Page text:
At 2:14 Monday afternoon I left McKenzie Arena after interviewing new University of Tennessee at Chattanooga assistant basketball coach Wes Long.
On the way home I stopped by the grocery for a few dinner items, began thinking about how best to fit Long's pet Labradors Hootie and Trap into my column and considered pulling a few weeds while my backyard soil remained somewhere between the consistency of chili and cheesecake.
It was shaping up to be a pretty nice workday afternoon. At least until I turned on the Weather Channel a little after 4 p.m. EDT.
That's when a live video of a massive, horrific tornado fueled by 200-mph winds was shown roaring through Moore, Okla. Suddenly the fact that new Mocs head coach Will Wade drinks only water, lemonade and sweet tea despite sleeping no more than five or six hours a night seemed far less important.
So, too, the fact that the 32-year-old Long left his head coaching job at Division II Queens University of Charlotte (N.C.) to join the 30-year-old Wade because "this is a guy who's a rising star."
Over time, both former Clemson assistants, retained UTC aide and former Mocs player Casey Long (no relation to Wes) and a couple of coaches to be named later no doubt will raise the program's star back to its 1990s decade of dominance, when it reached the NCAA tournament four times and the Sweet 16 once.
Nor should anyone wonder if the entire staff is going to be made up of coaches with four-letter last names.
Asked Monday if that trend will end with his next hire, Wade smiled and said, "Yes. And we hope to announce that hire by the end of the week."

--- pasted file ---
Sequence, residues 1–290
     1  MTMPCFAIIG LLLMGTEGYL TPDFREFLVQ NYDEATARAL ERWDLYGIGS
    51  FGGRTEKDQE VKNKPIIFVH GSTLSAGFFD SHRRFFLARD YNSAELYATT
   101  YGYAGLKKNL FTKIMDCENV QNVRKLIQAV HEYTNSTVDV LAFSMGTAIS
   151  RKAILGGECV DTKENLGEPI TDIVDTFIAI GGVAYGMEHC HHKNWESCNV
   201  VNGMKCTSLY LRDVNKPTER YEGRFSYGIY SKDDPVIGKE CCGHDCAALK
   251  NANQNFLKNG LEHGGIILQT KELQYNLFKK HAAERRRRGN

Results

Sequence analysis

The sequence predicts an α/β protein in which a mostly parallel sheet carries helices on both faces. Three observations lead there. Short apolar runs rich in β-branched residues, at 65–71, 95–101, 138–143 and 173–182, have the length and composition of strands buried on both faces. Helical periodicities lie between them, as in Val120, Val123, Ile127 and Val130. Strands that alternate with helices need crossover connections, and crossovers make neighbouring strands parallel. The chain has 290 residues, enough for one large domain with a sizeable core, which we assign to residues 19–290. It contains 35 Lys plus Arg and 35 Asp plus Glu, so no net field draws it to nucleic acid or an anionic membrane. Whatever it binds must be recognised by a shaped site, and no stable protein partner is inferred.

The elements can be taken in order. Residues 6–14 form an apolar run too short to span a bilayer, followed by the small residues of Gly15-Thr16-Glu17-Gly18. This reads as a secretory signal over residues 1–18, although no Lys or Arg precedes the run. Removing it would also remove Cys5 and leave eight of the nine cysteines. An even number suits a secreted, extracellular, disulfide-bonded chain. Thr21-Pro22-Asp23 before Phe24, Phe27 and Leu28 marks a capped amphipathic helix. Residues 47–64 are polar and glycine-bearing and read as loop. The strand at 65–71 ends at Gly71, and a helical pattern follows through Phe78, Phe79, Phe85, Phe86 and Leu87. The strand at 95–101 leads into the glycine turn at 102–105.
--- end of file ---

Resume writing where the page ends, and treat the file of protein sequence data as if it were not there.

But for much of the rest of this week, most of the nation likely will focus on the chaos, devastation and loss of life in Moore rather than the Chaos defense Wade intends to run with the Mocs.
It's another sobering reminder of how so many words we carelessly toss around in sports -- gladiator, war, hero, courage -- have much different and far more dramatic meanings in the real world.
Want a real hero? An elementary school teacher in Moore fell across six students to protect them from falling debris. Fortunately, both the teacher and her students survived.
This isn't to say sports isn't important, maybe never more so than at a time such as this, when we all need a break from life's grizzly tragedies.
A quote to continue the honeymoon all Moc Maniacs are experiencing with these coaching hires? When Wes Long initially encountered the younger Wade during their Clemson days, he said, "My first thought was, 'This guy thinks he knows everything.' Now I'm not sure he doesn't."
But as Monday afternoon raced toward Monday night, the images of Moore filling our television screens, what we began to think we'd soon know was heartbreaking.
Especially for parents like me, whose older daughter is in the third grade, the same age as the children who were trapped inside Plaza Towers Elementary when the walls caved in.
This could have been any of us. Heck, it was our community two years ago, along with Tuscaloosa and Joplin, the total destruction still difficult to accept, the memories still generating tears and fears for those most profoundly affected.
Deny global warning if you like, but add hurricanes Katrina and Sandy to this witches' brew and something's undeniably changing with our weather and it isn't good.
As he walked from flattened home to flattened home Monday evening, the Weather Channel's Mike Bettis recalled the 1999 tornado that previously devastated the Moore community and said, "When Moore is hit for the second time in 14 years, it makes you really question what's going on in the world today."
More troubling, it makes you really fear what world our children are going to inherit tomorrow.
Mark Wiedmer started work at the Chattanooga News-Free Press on Valentine’s Day of 1983. At the time, he had to get an advance from his boss to buy a Valentine gift for his wife. Mark was hired as a graphic artist but quickly moved to sports, where he oversaw prep football for a time, won the “Pick’ em” box in 1985 and took over the UTC basketball beat the following year. By 1990, he was ...